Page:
It happened on Friday morning in front of the national library on Tõnismägi in Tallinn. The wintery air was crisp, the heavens a lucent grey.
And out of a black car stepped a familiar, medium-sized older gentleman wth impeccibly groomed white hair.
It was Arnold Rüütel, the third president of the Republic of Estonia, and, at one time, chairman of the supreme soviet of the Estonian SSR.
I read somewhere or another that Rüütel was referred to as the hõberebane -- the silver fox -- for his well-coiffed ambiance and political savvy. Maybe some British expert like Anatol Lieven wrote it somewhere. Anyway, I tipped my hat to Härra Rüütel, who responded with a kind acknowledgement of my presence.
For some reason, a sizeable proportion of Estonian males begin to resemble Santa Claus in old age. Rüütel was one of these jolly fellows. He looked as if he might have had a sack of toys stashed somewhere and some gingerbread up his sleeves. With a wrinkle of his nose, Rüütel was on his way, saying, "noh, noh, jah, jah!"
I approached our car and told my abikaasa about my experience. "I saw the silver fox!" I said. "Who?" she answered. "Arnold Rüütel!" I responded. "Oh," she shrugged, reading a newspaper. "That's nice. Will you bring another box from the car?"
Throughout the day, I encountered a similar lack of enthusiasm as I related my Rüütel encounter. I couldn't understand why nobody cared. This was Arnold Rüütel. He had danced with Dubya; he had told Gorby to stick it. He was the silver fox. Our friend stopped by and I told her, slightly fudging the Estonian.
"Kas sa tead, et ma nägin hõbedane rebane täna hommikul? [Do you know that I saw the silvery fox this morning?]," I said, hoping for some response.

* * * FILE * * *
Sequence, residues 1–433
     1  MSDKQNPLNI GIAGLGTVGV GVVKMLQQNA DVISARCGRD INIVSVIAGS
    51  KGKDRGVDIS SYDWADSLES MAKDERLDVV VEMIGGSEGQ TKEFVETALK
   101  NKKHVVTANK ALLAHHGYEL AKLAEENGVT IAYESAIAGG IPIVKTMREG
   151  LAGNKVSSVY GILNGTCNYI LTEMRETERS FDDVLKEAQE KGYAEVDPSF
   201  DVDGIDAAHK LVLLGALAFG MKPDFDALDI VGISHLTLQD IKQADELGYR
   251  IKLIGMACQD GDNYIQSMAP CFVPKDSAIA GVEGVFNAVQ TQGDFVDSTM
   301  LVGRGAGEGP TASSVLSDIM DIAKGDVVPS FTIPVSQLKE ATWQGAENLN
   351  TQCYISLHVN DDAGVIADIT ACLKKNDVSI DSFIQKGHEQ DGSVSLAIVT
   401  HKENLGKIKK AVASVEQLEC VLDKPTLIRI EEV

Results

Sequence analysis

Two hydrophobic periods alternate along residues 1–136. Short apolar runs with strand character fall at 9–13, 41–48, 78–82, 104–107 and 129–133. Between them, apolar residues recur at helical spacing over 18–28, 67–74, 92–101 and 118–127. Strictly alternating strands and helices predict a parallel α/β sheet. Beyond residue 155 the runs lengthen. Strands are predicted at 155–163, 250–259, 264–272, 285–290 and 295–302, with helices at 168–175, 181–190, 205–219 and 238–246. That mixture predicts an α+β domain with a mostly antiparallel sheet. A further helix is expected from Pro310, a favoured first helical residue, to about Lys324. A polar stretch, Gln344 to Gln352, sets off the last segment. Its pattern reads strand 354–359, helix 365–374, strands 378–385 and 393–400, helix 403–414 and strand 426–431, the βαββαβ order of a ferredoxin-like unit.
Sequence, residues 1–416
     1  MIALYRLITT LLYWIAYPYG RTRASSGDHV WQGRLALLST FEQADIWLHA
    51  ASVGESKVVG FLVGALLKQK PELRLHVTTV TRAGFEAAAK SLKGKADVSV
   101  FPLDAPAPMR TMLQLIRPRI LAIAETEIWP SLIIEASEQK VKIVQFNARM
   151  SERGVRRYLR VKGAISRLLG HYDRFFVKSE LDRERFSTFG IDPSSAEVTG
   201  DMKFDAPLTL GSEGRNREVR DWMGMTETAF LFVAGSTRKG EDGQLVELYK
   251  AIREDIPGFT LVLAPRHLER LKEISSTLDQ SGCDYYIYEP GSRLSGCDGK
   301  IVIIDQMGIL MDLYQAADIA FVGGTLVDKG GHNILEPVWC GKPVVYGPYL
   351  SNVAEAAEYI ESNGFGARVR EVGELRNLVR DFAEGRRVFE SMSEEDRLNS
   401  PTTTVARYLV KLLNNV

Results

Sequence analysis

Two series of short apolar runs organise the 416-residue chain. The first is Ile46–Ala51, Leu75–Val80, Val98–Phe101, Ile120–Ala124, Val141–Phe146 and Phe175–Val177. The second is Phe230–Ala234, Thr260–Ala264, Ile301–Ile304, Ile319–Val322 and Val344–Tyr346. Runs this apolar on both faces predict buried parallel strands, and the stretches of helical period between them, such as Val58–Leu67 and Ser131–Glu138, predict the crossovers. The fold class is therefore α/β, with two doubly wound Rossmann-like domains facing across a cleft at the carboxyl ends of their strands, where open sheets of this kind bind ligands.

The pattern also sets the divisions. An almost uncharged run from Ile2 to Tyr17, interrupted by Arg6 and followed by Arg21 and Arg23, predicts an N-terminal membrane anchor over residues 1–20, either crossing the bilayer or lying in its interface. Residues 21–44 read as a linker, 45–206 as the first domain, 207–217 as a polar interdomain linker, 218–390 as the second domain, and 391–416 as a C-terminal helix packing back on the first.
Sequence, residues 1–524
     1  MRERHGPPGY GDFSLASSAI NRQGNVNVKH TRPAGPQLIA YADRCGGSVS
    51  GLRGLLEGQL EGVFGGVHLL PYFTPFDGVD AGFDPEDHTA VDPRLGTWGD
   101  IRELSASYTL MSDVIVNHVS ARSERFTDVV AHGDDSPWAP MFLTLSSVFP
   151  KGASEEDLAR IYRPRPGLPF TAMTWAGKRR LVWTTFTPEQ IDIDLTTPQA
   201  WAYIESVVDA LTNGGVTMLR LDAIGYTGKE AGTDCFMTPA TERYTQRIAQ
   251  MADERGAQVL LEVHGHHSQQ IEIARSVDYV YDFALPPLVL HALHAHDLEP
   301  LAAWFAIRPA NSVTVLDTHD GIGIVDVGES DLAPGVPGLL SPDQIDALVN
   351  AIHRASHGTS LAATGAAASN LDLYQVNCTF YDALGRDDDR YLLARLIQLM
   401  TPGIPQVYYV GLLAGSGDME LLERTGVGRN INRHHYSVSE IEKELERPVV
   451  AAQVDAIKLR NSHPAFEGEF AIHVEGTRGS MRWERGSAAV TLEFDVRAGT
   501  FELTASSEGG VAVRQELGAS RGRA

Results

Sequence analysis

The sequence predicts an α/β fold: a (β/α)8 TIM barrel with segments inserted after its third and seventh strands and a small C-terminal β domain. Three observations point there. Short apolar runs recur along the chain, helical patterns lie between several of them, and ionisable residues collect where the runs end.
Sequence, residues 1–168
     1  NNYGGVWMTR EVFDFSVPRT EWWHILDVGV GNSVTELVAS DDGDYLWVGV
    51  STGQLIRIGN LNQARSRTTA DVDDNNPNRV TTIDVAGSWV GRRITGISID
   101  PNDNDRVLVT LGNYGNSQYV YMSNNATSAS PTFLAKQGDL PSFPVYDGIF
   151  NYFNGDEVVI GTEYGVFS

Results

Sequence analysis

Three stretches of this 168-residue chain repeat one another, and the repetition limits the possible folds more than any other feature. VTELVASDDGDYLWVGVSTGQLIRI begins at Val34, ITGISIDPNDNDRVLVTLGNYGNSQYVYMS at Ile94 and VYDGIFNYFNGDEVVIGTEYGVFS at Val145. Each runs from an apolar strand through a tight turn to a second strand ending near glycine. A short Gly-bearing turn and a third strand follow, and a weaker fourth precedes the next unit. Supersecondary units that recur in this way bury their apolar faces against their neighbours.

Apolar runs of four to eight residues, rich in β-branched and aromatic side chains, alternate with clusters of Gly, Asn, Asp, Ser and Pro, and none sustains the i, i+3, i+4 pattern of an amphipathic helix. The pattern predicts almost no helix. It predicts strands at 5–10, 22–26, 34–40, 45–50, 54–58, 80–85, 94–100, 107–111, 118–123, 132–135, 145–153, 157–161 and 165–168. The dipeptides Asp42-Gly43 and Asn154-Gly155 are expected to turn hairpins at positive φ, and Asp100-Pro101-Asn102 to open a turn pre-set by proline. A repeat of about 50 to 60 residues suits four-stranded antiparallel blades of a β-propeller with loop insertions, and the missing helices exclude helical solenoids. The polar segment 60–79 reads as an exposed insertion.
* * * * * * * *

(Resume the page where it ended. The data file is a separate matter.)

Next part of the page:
"You mean the silver fox," she replied dryly. "Rüütel," she said, spitting the word out. Then she shrugged and changed the subject.
Later I told Epp's cousin Jaanus about the encounter at the dinner table:
"Jaanus, do you know who I saw this morning?" I asked.
"Who?" he asked earnestly.
"The silver fox!" I exclaimed.
"Where?" he asked enthusiastically.
"In front of the national library," I answered.
"You saw a silver fox in front of the national library?! That's incredible," laughed Jaanus. "I didn't even know we had silver foxes here in Estonia. I wonder how one wound up in the center of Tallinn!" he continued.
"No, not a silver fox," I said, "the silver fox. Arnold Rüütel."
Jaanus suddenly looked disappointed, scratched his chin, and looked at his wife. "He's called the silver fox?" he said, laying his utensils beside his plate. "I never heard that before."
His wife Lemme also looked puzzled. "Silver fox?" she toyed with the phrase. "I never heard him called that before either." And then Jaanus and Lemme shrugged and changed the subject.